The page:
Review: Cork O'Connor's peaceful family outing turns out to be anything but when a fierce storm descends upon them and a murderous cult stalks them in Northwest Angle, the eleventh mystery in this series by William Kent Krueger. The title is taken from the remote region of Minnesota that is the northernmost in the Continental US, and where most of the action takes place.
Having left the rest of his extended family on their rented houseboat, Cork and is daughter Jenny are exploring one of the islands in the Lake of the Woods along the US/Canada border when a derecho — a weather phenomenon that packs hurricane-force winds — suddenly strikes them. Seeking shelter, they discover a cabin in which a young woman has been brutally tortured and murdered. Once the storm passes, they hear the weak cries of a baby outside, apparently the dead woman's son, now abandoned. But before they can be rescued, a man with a rifle circles the island in a cigarette boat. Cork implicitly understands this is not a friendly visit, and arranges to move Jenny and the boy to a nearby island for their safety. They are eventually reunited with their family, but it's clear the baby boy is important to someone — and that someone won't hesitate to kill to get him back.
Northwest Angle is, simply stated, a superior novel of suspense. The characters, the setting, the danger — real and imagined — are in perfect alignment here. This is not a whodunit in the traditional sense, but a "how is it going to play out"-type of mystery. If one were to find fault here, it might be in the pacing, which at times tends to be overly introspective — in particular, Jenny pondering her relationship with her boyfriend and her potential for being a mother — slowing the plot down a bit here and there. But that's a minor quibble.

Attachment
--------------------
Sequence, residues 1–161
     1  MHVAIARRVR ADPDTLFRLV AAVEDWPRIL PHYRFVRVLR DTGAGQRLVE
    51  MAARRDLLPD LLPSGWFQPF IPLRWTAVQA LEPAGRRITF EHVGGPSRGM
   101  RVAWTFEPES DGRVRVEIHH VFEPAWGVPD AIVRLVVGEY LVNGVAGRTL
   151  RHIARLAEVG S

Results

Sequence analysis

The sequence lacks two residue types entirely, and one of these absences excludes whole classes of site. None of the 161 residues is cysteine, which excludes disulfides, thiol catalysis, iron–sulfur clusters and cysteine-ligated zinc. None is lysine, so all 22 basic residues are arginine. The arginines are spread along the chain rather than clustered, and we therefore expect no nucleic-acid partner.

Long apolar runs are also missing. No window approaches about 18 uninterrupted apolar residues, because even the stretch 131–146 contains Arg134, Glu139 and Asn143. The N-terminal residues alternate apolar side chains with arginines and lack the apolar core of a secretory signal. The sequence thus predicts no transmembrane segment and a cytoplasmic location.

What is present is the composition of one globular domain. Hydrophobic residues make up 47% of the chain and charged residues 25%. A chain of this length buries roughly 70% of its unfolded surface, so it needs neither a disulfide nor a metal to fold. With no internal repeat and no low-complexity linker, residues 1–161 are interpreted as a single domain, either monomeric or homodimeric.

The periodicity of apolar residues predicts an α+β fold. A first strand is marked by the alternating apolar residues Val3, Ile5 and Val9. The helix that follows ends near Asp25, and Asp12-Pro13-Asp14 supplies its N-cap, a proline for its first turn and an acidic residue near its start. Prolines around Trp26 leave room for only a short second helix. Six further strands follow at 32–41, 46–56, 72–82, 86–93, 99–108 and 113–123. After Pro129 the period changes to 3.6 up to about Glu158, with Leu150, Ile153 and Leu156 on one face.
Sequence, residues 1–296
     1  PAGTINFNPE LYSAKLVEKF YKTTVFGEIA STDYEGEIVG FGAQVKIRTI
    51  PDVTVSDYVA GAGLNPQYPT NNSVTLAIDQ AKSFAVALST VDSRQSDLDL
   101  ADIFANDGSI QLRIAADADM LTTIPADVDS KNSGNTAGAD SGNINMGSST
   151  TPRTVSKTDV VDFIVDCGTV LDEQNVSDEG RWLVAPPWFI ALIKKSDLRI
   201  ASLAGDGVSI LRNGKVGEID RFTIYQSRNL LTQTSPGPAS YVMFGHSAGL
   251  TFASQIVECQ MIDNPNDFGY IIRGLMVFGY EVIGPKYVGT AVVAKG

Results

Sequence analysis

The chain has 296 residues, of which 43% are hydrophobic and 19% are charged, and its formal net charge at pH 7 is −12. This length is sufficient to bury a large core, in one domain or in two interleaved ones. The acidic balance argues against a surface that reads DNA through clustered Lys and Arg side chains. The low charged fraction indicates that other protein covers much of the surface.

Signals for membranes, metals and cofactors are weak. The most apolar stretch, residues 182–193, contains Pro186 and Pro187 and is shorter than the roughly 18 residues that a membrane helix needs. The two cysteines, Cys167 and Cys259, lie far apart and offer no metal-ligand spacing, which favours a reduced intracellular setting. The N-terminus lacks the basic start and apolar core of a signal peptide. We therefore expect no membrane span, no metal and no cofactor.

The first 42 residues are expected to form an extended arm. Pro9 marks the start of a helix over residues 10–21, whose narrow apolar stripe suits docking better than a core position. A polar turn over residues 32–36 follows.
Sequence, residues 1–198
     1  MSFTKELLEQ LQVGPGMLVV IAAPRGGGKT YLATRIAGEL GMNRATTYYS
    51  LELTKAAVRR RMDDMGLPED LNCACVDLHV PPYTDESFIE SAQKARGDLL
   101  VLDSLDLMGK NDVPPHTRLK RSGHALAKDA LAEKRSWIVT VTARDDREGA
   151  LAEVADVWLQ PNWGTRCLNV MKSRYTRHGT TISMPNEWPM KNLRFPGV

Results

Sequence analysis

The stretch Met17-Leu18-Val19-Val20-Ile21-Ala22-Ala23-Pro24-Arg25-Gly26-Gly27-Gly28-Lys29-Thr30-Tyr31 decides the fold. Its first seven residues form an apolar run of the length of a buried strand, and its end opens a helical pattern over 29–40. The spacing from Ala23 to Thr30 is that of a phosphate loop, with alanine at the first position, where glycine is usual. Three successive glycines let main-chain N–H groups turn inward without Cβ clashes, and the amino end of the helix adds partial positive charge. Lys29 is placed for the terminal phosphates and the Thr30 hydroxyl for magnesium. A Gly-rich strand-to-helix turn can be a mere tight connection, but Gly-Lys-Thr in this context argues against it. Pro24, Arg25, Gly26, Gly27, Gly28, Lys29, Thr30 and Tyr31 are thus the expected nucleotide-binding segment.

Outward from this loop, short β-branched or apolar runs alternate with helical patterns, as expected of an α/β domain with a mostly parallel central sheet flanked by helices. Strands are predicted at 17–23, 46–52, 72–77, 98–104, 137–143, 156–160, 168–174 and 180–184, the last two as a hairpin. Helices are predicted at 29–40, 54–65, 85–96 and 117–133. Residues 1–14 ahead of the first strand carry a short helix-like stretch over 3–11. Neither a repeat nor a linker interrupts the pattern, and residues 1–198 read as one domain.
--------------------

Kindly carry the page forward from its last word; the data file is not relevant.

The wisdom of Henry Meloux is on display in several exceptionally well-written scenes, and is one of the hallmarks of this series. Consider this passage from near the end, as he speaks to Jenny:
I believe no one belongs to anyone else. [W]e are all dust borrowed for a little while from Grandmother Earth. And even that dust does not belong to her. She has borrowed it from all creation, which is the Great Mystery, which is Kitchimanidoo. And if you ask this old man, I would say that another way to think about Kitchimanidoo is as a great gift. Kitchimanidoo is not about keeping. Nothing belongs to anyone. All of creation is meant as giving.
This fine series just keeps getting better.
Acknowledgment: Simon & Schuster provided a copy of Northwest Angle for this review.
Review Copyright © 2011 — Hidden Staircase Mystery Books — All Rights Reserved
Selected reviews of other mysteries by this author …
Atria Books (Hardcover), September 2010
ISBN-13: 9781439153840; ISBN-10: 1439153841
Atria Books (Hardcover), August 2014
ISBN-13: 9781476749235; ISBN-10: 147674923X
Location(s) referenced in Northwest Angle: Minnesota
— ♦ —
Northwest Angle by William Kent Krueger — A Cork O'Connor Mystery
Publisher: Atria Books
Publication Date: August 2011
List Price: $24.99
— ♦ —
Page Author: Lance Wright
Site Publisher: Mysterious Reviews
Mysterious Reviews is a Division of
The Hidden Staircase Mystery Books
and a Business Unit of the
Omnimystery Family of Mystery Websites